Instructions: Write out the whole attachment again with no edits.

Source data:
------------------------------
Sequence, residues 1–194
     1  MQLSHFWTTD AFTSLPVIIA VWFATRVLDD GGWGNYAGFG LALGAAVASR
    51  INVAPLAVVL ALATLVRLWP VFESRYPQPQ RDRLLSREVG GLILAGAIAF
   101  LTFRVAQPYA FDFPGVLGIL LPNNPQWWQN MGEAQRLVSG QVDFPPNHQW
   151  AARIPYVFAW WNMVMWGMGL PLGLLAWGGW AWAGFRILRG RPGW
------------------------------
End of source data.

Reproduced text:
Sequence, residues 1–194
     1  MQLSHFWTTD AFTSLPVIIA VWFATRVLDD GGWGNYAGFG LALGAAVASR
    51  INVAPLAVVL ALATLVRLWP VFESRYPQPQ RDRLLSREVG GLILAGAIAF
   101  LTFRVAQPYA FDFPGVLGIL LPNNPQWWQN MGEAQRLVSG QVDFPPNHQW
   151  AARIPYVFAW WNMVMWGMGL PLGLLAWGGW AWAGFRILRG RPGW